What is Peer Review?
Peer review, also called refereeing, is a review process used by most scholarly journals. Before an article is accepted for publication, the editors will send the manuscript to disciplinary experts for review. The reviewers will then provide feedback on the quality of the research in the paper. The author can usually make revisions and re-submit the work for final acceptance.
Why do I care if an article is peer-reviewed?
Peer-reviewed articles are the gold standard for academic research. For students, it means that other experts have read and approved the methods and conclusions of the work, which provides extra authority to the research.
How do I find peer-reviewed articles?
Use subject databases that are identified by librarians as being subject-specific to your research topic or field of research. Subject databases are more likely to include peer-reviewed journals.
How can I be sure an article is peer-reviewed?
One quick way to tell if an article is peer-reviewed is to look for "submitted/revised/accepted" dates on the first page of the full-text of the article. These dates indicate that the article went through the various steps of the peer-review process.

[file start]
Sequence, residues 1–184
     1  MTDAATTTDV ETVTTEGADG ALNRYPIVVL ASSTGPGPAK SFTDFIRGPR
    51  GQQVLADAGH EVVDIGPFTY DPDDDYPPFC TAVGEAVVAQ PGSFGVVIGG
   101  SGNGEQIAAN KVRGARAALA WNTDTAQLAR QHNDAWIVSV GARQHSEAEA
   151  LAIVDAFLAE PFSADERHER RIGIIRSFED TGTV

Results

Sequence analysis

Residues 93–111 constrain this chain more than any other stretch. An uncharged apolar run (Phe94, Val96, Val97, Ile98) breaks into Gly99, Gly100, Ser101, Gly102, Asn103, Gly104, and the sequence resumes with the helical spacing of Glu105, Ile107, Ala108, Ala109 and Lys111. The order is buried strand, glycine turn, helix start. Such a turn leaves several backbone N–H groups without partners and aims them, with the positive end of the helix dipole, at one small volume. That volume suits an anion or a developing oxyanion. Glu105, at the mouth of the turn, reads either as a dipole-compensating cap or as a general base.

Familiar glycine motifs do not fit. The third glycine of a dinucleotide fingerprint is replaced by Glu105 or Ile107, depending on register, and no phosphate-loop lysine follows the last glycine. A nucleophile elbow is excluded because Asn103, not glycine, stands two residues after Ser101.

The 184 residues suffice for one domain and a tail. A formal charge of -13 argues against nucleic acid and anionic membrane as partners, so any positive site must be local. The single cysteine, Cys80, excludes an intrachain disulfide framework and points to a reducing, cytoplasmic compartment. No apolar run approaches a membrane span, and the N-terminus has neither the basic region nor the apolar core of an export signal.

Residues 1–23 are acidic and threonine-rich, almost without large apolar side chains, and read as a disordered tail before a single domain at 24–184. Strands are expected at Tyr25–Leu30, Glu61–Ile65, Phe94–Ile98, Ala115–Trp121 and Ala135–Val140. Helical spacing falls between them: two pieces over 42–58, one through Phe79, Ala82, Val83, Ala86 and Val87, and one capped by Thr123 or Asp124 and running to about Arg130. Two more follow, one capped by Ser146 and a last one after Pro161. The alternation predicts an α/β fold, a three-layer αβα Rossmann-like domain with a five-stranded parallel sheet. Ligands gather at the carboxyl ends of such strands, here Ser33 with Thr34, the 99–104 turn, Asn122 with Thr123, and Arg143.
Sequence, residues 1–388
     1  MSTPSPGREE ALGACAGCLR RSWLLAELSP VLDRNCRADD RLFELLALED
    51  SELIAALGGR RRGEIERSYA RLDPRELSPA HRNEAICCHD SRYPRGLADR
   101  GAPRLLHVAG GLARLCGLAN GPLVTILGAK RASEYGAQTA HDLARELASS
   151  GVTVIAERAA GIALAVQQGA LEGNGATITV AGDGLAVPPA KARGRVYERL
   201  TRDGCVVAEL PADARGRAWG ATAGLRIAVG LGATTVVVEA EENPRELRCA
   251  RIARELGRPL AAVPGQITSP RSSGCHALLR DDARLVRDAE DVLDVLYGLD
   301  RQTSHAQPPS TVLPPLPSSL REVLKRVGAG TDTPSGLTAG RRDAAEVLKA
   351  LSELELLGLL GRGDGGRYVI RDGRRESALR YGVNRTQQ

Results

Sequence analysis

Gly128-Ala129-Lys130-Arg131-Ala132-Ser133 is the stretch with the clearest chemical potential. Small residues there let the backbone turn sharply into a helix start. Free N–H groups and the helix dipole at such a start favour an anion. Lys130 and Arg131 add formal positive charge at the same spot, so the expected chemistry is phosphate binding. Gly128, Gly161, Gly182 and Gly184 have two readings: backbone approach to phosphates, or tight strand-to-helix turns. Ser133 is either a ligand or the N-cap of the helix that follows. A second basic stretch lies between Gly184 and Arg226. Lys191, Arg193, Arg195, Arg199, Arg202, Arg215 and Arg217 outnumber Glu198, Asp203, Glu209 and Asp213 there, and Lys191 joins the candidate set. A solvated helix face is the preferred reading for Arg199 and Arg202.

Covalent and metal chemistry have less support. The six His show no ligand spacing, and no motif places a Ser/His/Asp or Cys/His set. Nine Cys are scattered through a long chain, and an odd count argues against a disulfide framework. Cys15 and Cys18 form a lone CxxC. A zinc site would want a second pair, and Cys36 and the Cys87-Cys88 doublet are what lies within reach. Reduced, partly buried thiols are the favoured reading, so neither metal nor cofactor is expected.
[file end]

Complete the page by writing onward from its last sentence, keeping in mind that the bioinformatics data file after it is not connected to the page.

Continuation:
You can also look up the journal title--not the article title--in UlrichsWeb. Peer-reviewed journals are indicated by a symbol that resembles a referee's jersey.
Finally, the most authoritative place to look is on the journal's homepage. You can Google the name of the journal and/or publication. Look for a description of the journal that says "peer-reviewed" in an "about" or "editors" section. While there, also look at the "information for authors" or "review policy" pages. These will often detail the peer-review process for each journal, including which sections of the journal are reviewed and which are merely edited.
Lastly, always feel free to ask a librarian through chat, email, or through an appointment/in-person consultation.